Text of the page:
It’s no surprise that parents going through a divorce are often not very good at communicating with one another. While there is no requirement that ex’s like one another or even be civil to one another, the ability to work together is important when children are involved. It is obviously ideal if two divorced or separated parents are able to work together regarding their children. However, this is not always the case. Some parents are just too hurt or angry to be able to co-parent and any interaction between the two leads to stress and conflict.
Fortunately, a service now exists that allows parents to communicate through an online database and minimizes the interpersonal contact they must have. The service is called “Our Family Wizard” and offers a wide range of tools that can make co-parenting much easier. With this service, both parents will have access to one account for their child. In that account, they can put events into a calendar, send e-mails to one another and track expenses. You can even upload medical records, immunization histories and school information.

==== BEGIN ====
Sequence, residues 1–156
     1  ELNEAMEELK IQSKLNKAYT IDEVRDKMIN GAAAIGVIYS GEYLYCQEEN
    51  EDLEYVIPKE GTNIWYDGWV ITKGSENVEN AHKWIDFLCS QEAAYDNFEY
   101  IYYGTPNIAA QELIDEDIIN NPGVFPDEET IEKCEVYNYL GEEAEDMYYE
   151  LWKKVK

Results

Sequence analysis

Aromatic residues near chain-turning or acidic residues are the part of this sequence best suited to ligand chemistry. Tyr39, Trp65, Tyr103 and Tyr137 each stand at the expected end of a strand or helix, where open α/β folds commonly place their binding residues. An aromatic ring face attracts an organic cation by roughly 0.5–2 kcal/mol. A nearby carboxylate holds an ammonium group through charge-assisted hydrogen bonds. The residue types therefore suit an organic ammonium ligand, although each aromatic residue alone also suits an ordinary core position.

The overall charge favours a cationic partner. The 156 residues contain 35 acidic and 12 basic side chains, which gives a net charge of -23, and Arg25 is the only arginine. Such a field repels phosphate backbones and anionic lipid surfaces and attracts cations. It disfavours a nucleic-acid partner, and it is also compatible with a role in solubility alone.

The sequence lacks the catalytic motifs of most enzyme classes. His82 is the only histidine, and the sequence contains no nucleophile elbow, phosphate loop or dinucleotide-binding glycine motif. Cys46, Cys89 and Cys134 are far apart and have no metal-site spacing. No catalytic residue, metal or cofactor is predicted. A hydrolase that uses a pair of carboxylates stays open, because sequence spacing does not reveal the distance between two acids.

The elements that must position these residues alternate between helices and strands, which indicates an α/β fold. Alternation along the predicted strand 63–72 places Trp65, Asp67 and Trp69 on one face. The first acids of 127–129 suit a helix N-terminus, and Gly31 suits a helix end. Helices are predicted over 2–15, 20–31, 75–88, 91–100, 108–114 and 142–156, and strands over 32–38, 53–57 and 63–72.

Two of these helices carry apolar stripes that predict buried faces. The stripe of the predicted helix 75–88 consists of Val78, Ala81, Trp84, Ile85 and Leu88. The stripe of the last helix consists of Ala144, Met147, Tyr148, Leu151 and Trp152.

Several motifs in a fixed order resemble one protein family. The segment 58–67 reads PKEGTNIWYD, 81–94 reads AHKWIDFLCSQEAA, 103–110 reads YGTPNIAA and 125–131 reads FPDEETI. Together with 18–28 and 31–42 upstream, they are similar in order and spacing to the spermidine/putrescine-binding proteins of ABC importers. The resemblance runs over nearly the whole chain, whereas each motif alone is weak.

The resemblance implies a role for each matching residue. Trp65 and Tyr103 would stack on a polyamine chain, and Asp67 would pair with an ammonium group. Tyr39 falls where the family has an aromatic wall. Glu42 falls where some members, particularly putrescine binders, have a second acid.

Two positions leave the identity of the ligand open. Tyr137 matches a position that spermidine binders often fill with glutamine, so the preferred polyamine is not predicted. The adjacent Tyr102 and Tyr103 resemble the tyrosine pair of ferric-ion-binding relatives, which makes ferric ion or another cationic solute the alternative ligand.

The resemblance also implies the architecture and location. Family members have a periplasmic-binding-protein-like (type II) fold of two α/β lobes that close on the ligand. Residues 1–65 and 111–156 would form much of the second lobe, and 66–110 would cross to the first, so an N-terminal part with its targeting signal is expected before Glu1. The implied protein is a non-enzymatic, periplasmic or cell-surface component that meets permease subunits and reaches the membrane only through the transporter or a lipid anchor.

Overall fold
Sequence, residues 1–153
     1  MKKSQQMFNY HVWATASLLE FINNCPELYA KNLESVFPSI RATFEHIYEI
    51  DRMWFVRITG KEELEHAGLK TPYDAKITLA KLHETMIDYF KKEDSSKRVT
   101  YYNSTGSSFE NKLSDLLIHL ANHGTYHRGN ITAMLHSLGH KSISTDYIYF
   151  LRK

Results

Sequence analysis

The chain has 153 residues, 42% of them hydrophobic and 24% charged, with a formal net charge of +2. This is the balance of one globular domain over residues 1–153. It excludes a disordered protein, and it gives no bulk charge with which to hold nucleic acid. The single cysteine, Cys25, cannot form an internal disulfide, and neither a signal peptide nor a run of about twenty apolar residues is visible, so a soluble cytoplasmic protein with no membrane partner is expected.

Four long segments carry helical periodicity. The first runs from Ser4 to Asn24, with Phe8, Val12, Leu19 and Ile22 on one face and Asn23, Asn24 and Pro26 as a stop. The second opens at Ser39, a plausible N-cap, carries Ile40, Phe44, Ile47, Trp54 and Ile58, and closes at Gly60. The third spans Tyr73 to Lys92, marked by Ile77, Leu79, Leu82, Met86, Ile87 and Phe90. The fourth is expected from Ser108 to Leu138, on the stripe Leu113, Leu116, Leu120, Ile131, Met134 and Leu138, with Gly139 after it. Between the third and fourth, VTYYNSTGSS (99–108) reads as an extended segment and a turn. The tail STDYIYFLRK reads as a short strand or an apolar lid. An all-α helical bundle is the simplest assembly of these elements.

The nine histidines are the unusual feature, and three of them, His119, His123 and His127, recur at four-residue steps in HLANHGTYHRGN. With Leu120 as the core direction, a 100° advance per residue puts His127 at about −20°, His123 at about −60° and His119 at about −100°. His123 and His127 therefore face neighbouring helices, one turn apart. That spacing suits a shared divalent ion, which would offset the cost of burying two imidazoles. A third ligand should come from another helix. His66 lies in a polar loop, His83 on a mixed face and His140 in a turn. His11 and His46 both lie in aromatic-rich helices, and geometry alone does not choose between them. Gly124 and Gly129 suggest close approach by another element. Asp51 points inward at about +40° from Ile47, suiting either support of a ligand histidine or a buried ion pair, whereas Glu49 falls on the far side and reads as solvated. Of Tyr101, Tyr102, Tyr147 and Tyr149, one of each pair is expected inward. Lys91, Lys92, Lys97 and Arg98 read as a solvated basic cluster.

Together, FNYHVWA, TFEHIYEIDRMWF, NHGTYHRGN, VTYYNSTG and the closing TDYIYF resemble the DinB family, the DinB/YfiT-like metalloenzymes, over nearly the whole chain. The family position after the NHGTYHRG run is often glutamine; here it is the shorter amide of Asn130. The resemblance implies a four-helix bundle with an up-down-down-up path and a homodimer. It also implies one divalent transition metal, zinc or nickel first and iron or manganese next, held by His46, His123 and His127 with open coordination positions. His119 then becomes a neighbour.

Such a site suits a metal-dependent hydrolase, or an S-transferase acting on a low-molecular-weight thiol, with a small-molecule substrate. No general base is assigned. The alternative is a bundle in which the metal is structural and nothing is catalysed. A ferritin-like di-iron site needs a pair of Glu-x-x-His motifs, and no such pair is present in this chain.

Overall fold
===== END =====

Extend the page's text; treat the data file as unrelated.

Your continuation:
All of this data can then be made available to the court and the presiding Judge can then monitor the situation if there are any problems. For example, all of the e-mails exchanged by the parties are stored in the site database and if something inappropriate is contained in one of those e-mails, it is stored securely and the Judge can be made aware.
Following a separation or divorce, the only person who suffers from parents’ inability to work together is the child. Therefore, with this service, parents can share important information regarding their child while minimizing the amount of contact they have with one another. This consequently decreases the amount of stress placed on the child. If you are a parent and are having problems co-parenting this may be an option for you. Contact an experienced family attorney at our Pittsburgh law office, Gusty Sunseri & Associates, P.C., and he or she will be able to either set this service up or obtain an order from the court directing the parents to participate in the program and split the costs.